Big Data on Your Plate
What will food systems, agriculture and the environment look like in 2050? Given current trends, there is a range of highly contrasting outcomes
In one scenario, these bedrocks of society will have continued down their current path and faced significantly greater challenges than they do today.
This webinar is intended to kick-start this new debate by walking participants through three of the most exciting/groundbreaking CGIAR initiatives. Guest speakers from CIMMYT, ICRISAT and IRRI will present and discuss how they are engaging with digital extension and share their perspectives and lessons learned for this emerging sector.
Last Friday 23rd of November, the CoP hosted the webinar called “Origin of asymmetry: a webinar on the need for standards in data-driven services for agriculture” tweaking the title of Muse’s famous album and in reference to the issue of asymmetry of information in the emerging market of digital services for agriculture. You can watch the recording of the webinar here.
A mobile phone application that receives data from farmers is being piloted in Vietnam. Data coming from each farm will be entered as a quick response – QR – product code, which can relay to consumers, at point-of-sale, some information regarding the product’s environmental footprint. It’s a win-win-win situation: consumers get full product traceability, farmers receive agronomic advice based on what they enter into the app, and researchers obtain access to important data which can help them develop insights that can inform policy and decisionmaking.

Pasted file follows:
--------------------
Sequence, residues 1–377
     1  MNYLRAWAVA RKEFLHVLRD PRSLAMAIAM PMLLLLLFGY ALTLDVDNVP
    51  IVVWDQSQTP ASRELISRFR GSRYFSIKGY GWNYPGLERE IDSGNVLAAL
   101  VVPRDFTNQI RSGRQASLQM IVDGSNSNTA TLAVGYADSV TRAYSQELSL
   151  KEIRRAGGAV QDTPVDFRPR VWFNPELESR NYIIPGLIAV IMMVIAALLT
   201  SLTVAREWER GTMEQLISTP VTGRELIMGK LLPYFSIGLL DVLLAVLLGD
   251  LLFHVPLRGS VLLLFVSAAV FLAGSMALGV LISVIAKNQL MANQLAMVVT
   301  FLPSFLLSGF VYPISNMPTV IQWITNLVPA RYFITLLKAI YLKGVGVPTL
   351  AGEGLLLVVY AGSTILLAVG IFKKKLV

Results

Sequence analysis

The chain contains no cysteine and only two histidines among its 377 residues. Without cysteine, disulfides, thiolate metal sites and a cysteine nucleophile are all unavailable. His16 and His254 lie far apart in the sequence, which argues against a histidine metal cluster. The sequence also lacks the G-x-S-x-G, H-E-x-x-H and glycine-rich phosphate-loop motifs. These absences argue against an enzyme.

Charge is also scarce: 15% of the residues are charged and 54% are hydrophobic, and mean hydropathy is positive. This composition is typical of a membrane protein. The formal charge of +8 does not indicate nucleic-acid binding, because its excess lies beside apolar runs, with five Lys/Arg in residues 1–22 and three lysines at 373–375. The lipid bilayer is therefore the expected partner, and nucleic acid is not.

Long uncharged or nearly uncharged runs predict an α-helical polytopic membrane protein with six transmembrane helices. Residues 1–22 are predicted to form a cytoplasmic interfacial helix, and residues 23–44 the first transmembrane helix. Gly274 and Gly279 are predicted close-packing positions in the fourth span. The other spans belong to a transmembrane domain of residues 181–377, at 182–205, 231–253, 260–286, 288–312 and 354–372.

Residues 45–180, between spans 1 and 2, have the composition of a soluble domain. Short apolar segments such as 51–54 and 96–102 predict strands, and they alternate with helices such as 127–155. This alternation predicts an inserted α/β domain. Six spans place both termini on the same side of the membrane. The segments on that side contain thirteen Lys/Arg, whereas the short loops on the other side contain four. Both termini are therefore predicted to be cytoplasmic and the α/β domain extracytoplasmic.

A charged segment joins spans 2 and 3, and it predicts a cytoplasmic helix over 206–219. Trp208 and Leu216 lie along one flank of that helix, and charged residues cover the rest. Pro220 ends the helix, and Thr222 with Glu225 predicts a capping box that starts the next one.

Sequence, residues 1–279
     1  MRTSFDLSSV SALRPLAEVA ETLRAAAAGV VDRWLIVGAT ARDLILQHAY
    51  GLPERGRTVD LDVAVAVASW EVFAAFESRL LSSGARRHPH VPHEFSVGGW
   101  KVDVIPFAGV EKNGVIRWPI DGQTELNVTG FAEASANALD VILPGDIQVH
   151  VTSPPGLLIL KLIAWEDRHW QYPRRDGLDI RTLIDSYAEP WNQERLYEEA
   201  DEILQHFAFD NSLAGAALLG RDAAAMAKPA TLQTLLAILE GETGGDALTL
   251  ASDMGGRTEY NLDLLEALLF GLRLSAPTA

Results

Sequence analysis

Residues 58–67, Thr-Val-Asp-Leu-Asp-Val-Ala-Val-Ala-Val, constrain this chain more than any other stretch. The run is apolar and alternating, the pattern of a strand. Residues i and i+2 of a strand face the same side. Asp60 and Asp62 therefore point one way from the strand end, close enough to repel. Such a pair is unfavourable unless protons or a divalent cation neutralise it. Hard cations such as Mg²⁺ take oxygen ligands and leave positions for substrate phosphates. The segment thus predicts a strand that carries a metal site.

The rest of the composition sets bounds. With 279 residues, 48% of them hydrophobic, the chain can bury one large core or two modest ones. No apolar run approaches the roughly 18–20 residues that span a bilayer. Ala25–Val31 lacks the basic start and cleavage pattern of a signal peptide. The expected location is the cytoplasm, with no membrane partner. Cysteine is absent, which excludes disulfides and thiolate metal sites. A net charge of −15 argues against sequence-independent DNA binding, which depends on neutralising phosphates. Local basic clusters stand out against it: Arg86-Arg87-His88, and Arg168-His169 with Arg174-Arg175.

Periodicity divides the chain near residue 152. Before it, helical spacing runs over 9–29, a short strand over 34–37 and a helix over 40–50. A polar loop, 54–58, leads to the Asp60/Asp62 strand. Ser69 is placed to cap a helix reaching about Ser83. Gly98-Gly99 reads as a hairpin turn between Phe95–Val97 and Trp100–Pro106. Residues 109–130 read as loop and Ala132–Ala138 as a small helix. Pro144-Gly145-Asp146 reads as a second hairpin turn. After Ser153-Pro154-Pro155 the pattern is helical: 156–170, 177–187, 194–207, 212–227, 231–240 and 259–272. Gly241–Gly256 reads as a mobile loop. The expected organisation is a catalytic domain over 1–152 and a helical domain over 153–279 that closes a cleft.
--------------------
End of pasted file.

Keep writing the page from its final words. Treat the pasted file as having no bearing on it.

Hugo Andres Dorado Betancourt and Daniel Jimenez of the CIAT data team explain the importance of data cleaning to develop models that can predict the future, such as yields.
CIAT’s team took part this year in the Syngenta Crop Challenge in analytics. After intense work in preparing our submission, we couldn’t lower the error of our model anymore. But when the team submitted its proposal to the Challenge, back in March this year, we did not really know what to expect from it, as we had no idea of the real potential of those datasets we worked on…
Our lead Africa nutrition expert Mercy Lungaho talks about how big data and artificial intelligence can finally put a stop to food security crises in the only region in the world where malnutrition remains on the rise.
From observation to action: How Terra-i’s near-real time monitoring of forest cover loss will support conservation efforts in Southeast Asia
The Cambodian government is looking into the possibility of Terra-i as a forest cover change monitoring tool in the country. Terra-i is the only tool that is global in scope and yet can be calibrated according to a country’s specific context. A near-real time monitoring system, Terra-i is able to support immediate ground action by providing information to forest rangers and provincial authorities on the state of the forest, as well as on looming encroachment.
The digital transformation of economies and societies in recent years has opened new, important possibilities for agriculture. In this context, we see the emergence of CGIAR’s Platform for Big Data in Agriculture, which aims to positively transform agricultural research, helping to generate powerful data management innovations that can revolutionize agriculture in developing countries.
When we published about the increasing homogeneity in global food supplies, we hadn’t yet found a good way to make the underlying national level data readily visible to interested readers. This is why the publication of our new Changing Global Diet website is exciting. It provides interactive visuals for 152 countries over the past 50 years. We that hope you enjoy your investigations through time. Perhaps you can tell us where you think the changing global diet is headed.